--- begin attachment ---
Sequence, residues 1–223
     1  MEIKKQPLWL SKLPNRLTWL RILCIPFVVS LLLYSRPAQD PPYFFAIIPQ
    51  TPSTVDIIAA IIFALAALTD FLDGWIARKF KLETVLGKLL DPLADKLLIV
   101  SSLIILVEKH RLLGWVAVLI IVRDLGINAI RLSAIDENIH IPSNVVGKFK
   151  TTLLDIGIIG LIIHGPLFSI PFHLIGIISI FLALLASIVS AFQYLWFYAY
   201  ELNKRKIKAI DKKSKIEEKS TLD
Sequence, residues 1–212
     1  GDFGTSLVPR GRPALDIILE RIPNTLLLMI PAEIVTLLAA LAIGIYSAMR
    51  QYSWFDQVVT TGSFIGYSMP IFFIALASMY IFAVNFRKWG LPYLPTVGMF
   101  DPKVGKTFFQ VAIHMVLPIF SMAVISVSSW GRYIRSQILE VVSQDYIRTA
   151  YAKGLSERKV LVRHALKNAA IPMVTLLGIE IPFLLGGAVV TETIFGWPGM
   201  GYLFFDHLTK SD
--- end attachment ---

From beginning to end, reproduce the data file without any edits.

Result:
Sequence, residues 1–223
     1  MEIKKQPLWL SKLPNRLTWL RILCIPFVVS LLLYSRPAQD PPYFFAIIPQ
    51  TPSTVDIIAA IIFALAALTD FLDGWIARKF KLETVLGKLL DPLADKLLIV
   101  SSLIILVEKH RLLGWVAVLI IVRDLGINAI RLSAIDENIH IPSNVVGKFK
   151  TTLLDIGIIG LIIHGPLFSI PFHLIGIISI FLALLASIVS AFQYLWFYAY
   201  ELNKRKIKAI DKKSKIEEKS TLD
Sequence, residues 1–212
     1  GDFGTSLVPR GRPALDIILE RIPNTLLLMI PAEIVTLLAA LAIGIYSAMR
    51  QYSWFDQVVT TGSFIGYSMP IFFIALASMY IFAVNFRKWG LPYLPTVGMF
   101  DPKVGKTFFQ VAIHMVLPIF SMAVISVSSW GRYIRSQILE VVSQDYIRTA
   151  YAKGLSERKV LVRHALKNAA IPMVTLLGIE IPFLLGGAVV TETIFGWPGM
   201  GYLFFDHLTK SD